Rock Ptarmigan is found in harsh northern environments, either on the tundra
of Alaska and northern Canada, or on rocky slopes or above treeline in the
mountains. As with the other closely related
and Willow Ptarmigan, the plumage turns white in winter, although the males
maintain a distinctive black stripe on the face that can be used to
distinguish Rock Ptarmigan from other Ptarmigan species. Rock Ptarmigan are
a popular food source and gamebird in parts of their range.
Habitat: Rock Ptarmigan are found in open habitats
at higher elevations and in the northern tundra. On the tundra in the
northern part of their range, they are found in areas of tundra interspersed
with rocky outcrops and shrubby areas.
Diet: Mostly vegetarian, feeding on the buds,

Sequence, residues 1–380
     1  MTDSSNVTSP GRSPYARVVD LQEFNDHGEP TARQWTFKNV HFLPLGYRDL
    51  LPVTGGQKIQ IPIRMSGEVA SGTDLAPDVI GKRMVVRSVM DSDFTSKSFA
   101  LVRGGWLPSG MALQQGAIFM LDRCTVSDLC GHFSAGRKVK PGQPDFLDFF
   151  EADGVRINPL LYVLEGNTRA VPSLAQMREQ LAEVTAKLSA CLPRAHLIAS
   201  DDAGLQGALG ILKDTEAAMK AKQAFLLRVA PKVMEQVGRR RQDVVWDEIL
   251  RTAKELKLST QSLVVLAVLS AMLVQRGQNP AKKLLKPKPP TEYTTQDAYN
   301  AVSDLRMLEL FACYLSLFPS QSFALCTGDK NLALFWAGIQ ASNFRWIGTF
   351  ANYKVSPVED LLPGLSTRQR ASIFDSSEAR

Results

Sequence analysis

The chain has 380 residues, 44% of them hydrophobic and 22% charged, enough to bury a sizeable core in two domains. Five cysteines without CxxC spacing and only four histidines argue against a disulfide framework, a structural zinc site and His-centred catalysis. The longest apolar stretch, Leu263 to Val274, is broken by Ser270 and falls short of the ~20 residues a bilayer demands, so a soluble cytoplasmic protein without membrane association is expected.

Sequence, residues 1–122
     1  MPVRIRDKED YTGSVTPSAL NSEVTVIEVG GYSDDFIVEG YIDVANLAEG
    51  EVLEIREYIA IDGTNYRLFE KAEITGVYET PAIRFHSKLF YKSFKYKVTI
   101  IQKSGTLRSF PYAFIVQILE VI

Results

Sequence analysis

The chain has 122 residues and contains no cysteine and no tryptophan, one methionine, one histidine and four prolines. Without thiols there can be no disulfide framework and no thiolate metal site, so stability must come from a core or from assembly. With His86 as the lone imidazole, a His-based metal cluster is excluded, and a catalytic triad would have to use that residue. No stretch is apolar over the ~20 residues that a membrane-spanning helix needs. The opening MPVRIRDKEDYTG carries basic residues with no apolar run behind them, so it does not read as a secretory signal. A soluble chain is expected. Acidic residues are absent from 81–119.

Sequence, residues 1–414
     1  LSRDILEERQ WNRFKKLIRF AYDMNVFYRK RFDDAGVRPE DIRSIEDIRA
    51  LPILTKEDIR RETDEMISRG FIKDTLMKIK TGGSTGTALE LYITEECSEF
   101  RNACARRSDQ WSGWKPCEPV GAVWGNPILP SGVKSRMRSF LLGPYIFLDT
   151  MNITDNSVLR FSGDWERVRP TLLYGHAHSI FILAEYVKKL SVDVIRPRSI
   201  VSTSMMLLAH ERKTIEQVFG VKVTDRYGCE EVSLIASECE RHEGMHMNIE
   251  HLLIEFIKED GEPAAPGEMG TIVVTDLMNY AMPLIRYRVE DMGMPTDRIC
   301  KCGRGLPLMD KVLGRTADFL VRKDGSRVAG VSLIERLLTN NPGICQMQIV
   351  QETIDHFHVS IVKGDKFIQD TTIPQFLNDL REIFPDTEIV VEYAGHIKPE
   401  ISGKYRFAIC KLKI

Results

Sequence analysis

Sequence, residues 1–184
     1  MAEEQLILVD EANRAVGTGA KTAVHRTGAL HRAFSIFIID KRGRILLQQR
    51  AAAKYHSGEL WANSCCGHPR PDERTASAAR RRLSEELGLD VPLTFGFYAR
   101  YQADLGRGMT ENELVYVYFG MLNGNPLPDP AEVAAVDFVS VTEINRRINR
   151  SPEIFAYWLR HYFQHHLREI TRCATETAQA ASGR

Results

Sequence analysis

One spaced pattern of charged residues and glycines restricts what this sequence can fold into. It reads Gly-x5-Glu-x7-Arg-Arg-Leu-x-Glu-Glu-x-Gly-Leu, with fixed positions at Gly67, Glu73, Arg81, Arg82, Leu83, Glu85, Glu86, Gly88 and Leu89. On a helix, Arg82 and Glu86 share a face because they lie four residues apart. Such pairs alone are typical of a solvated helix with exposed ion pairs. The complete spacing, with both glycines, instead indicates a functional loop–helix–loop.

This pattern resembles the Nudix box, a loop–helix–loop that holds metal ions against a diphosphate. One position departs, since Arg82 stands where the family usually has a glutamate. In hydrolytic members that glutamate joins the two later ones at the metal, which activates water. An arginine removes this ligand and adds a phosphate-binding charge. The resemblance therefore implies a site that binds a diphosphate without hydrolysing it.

leaves,and seeds of dwarf birch, alder, and willows, as well as berries
where available. They will also eat insects and spiders, with young
birds feeding heavily upon these items upon leaving the nest.
Behavior: Forages by walking along the ground and
clipping vegetation with its bill, or opportunistically picking up insects
Nesting: Nests are built on teh ground in rocky,
barren areas, typically at the base of alarge rock. The nest is a
shallow depression, with a loose lining of lichen, grasses, and moss.
The female alone tends the young, but the young must feed themselves upon
leaving the nest.
Song: Rock Ptarmigan males give a throaty croaking
Migration: In the fall, birds at higher elevations
typically move to lower elevations. Small flocks move also move
southward together in the fall, leaving the most northern parts of its range
and moving southward in Canada and to lower elevations.
Conservation Status: Common and widespread.
The IUCN lists Rock Ptarmigan as a species of "Least Concern".